1. Business

Achieva headquarters will move from Clearwater to Dunedin

The long-vacant former Nielsen Media Research call center property in Dunedin is going to be redeveloped. Achieva expects to close on the property at 1659 Virginia St., across from a current branch, on Wednesday.
Published May 26, 2012

Achieva Credit Union will move its corporate headquarters from Clearwater to Dunedin by October.

Achieva will consolidate its operations — currently spread across Largo, Clearwater and Palm Harbor — in a 67,000-square-foot corporate center at 1659 Virginia St., which formerly housed a Nielsen Media Research call center.

The project will include renovations to an existing building and new construction during a three-phase process to be completed by February. The new headquarters will house a call center and data center as well as 143 existing employees in accounting, lending and other administrative positions.

Achieva president and chief executive officer Gary Regoli said the move is necessary because the credit union has outgrown its 28,000-square-foot office at 1499 Gulf-to-Bay Blvd. in Clearwater. The bank has already sold its building to iDatix, a software company poised to move in by Aug. 31.

"We have folks working in three different cities, and it would be best having them all under one roof from an efficiency standpoint. And we absolutely cannot add any more space to our existing building in Clearwater," Regoli told the Tampa Bay Times on Friday. "It's good timing for us and it's something that we just need to do."

The move marks a victory for Dunedin leaders, who have tried a number of tactics — including corridor studies, a branding campaign and a review of developer fees — to attract tourists, residents and merchants to the city amid a struggling economy.

Dunedin spent months courting Achieva, which said Dunedin emerged near the top of its short list about six months ago, in large part due to its ability to provide a large parcel in a non-evacuation zone.

Achieva's headquarters relocation won't create new jobs, but Dunedin economic development director Bob Ironsmith said the employer's workers will help restore foot traffic to grocers, gas stations and other businesses in its immediate neighborhood.

The city is also continuing to help Wells Fargo bank search for a buyer for another former Nielsen property — a larger, 23-acre parcel that has been vacant since the media ratings giant moved operations from Patricia Street to Oldsmar in 2005.

The Achieva acquisition gives city leaders hope.

"It's a big deal. It really helps diversify the city's tax base. And I think it shows how businesses value the quality of life that Dunedin has to offer," Ironsmith said. "If we can get a corporation like Achieva here, that really sets the stage. … It's like fishing — you catch one, you hope you catch more."

Achieva's new headquarters will be located across the street from an Achieva branch, which opened at 1150 Virginia St. in 2010.

The headquarters will use stone, stucco, metal sun shades and steel framing to mimic the "contemporary office building" look of the nearby branch, according to a Collman & Karsky Architects memo included with site plans submitted to the city.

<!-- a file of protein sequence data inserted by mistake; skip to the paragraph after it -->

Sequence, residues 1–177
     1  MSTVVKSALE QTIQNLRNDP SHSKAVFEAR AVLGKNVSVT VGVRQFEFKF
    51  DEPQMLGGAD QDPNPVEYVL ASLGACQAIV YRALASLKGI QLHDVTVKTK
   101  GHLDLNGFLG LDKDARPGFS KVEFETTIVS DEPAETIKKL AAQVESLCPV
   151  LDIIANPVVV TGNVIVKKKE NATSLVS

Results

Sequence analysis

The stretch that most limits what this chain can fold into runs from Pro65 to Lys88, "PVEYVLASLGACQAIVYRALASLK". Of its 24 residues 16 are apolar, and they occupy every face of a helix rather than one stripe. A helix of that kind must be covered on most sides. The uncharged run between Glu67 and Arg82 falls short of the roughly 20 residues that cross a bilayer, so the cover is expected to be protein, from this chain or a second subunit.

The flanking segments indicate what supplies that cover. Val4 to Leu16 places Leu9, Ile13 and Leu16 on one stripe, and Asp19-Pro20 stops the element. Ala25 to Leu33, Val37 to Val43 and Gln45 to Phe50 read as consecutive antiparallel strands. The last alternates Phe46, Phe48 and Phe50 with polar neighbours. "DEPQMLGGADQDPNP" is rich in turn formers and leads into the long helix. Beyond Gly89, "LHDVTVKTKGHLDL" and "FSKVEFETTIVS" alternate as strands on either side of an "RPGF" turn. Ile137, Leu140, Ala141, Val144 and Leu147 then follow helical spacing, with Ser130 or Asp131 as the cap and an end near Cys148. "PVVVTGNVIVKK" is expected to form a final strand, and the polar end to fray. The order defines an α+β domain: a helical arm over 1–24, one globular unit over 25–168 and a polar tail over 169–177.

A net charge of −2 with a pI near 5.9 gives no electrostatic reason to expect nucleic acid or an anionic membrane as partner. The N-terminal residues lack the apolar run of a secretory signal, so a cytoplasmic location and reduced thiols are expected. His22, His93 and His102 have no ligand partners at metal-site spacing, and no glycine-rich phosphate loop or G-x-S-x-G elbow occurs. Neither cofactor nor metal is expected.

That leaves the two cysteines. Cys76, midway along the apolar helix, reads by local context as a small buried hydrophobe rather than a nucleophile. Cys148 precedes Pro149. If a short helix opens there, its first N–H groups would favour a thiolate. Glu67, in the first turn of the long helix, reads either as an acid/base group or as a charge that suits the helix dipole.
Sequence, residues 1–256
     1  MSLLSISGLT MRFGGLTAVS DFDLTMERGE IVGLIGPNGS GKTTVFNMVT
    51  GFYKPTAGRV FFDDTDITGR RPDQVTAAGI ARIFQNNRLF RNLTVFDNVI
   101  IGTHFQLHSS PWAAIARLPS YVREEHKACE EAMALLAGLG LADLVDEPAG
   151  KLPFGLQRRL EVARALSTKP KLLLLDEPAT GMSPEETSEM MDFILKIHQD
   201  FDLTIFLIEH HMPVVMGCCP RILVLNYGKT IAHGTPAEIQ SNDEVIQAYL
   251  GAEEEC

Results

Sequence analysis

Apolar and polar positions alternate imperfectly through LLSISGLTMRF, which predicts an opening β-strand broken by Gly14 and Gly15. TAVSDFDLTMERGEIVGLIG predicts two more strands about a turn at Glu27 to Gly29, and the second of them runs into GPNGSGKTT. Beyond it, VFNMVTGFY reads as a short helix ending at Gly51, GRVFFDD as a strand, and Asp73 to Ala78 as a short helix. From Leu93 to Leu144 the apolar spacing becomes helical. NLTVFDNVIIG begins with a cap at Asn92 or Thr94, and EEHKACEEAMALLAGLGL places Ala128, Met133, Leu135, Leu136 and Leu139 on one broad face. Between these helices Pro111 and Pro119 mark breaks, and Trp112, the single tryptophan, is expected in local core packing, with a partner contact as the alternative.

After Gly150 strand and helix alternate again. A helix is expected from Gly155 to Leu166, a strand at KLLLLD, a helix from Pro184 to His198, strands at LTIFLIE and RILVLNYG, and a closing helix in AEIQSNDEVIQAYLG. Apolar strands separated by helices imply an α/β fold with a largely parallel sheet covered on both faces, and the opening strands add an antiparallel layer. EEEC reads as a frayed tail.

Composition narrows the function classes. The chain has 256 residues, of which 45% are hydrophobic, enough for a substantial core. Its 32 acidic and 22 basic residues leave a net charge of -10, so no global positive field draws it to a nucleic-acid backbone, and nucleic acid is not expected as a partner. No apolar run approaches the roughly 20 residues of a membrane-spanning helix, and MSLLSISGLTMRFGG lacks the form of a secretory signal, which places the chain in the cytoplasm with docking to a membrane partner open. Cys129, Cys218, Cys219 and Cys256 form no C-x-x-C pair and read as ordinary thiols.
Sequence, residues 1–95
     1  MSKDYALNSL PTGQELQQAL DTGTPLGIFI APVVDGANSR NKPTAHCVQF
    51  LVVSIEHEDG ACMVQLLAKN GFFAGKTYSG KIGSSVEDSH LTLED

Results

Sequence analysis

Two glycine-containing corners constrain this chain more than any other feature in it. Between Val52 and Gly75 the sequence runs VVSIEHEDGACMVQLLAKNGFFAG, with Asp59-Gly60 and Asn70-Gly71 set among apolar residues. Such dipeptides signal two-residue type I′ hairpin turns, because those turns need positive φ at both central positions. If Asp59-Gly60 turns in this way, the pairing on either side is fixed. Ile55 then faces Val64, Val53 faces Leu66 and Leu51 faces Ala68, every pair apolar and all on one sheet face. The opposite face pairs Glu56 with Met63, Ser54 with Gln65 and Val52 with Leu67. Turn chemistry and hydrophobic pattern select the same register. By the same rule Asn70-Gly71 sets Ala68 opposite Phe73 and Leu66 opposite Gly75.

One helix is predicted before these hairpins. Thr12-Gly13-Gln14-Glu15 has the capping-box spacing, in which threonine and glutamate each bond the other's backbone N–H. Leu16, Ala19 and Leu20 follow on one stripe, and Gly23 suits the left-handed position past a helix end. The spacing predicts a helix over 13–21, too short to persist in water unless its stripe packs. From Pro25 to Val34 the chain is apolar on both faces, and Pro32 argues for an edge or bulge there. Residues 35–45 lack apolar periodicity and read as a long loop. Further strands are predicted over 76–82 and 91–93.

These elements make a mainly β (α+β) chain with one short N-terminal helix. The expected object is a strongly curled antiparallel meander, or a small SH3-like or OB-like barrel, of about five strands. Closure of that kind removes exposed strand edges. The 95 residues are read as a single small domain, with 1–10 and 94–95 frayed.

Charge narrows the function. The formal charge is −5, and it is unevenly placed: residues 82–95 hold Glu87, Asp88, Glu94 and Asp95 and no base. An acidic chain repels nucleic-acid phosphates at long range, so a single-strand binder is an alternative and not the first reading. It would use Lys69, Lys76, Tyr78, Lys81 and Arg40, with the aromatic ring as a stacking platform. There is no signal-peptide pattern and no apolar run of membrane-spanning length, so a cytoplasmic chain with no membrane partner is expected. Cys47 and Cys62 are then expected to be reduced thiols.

Call center, data processing and lending services employees would move in during the first phase of the project, to be completed by October or November. More call center workers would move in around early December.

Accountants, training employees and other administrative offices would move following completion of the last phase in February.

Design plans include a hurricane-hardened roof, a training room, a large break room, a new generator, an atrium and an "employee-friendly" courtyard that retains oaks, magnolias and other shade trees.

Regoli said the 9.2-acre property is ideal because of its size. About 4.8 acres are currently dedicated to parking and Achieva could expand its headquarters another 50,000 square feet and still have ample space for cars.

"It's important long term for us to have that flexibility," he said.

He said not many members of the public will frequent the new building. Still, he said, credit union officials kept members in mind during the building's design.

"Since we're a credit union, our owners are our members, and we are being very cautious and thrifty with the credit union's funds," Regoli said. "So as opposed to going out and paying new construction costs, we think it makes sense for us … to not build an edifice that is more extravagant than we need. And we're more focused on utility and functionality and effectiveness."

The project won't get under way immediately, though.

The property is split into three parcels — one owned by Nielsen and two owned by Dimmitt Car Leasing Inc. Regoli said Achieva expects to close on purchasing the three parcels Wednesday.

Next, project planners must seek support from the city's local planning agency, a citizen advisory board that reviews all matters affecting the land development code. They will meet at 6:30 p.m. June 13 at City Hall, 542 Main St.

Then the City Commission must consider the project and the planning agency's recommendations during a public meeting at an as-yet-undetermined date.

Achieva has 14 branches serving more than 90,000 members throughout Pinellas and six other area counties.

Regoli said the bank achieved $1 billion in assets this March, is preparing to open a branch in Hillsborough County, and recently applied to expand into Lee and Collier counties.

Keyonna Summers can be reached at or (727) 445-4153. To write a letter to the editor, go to


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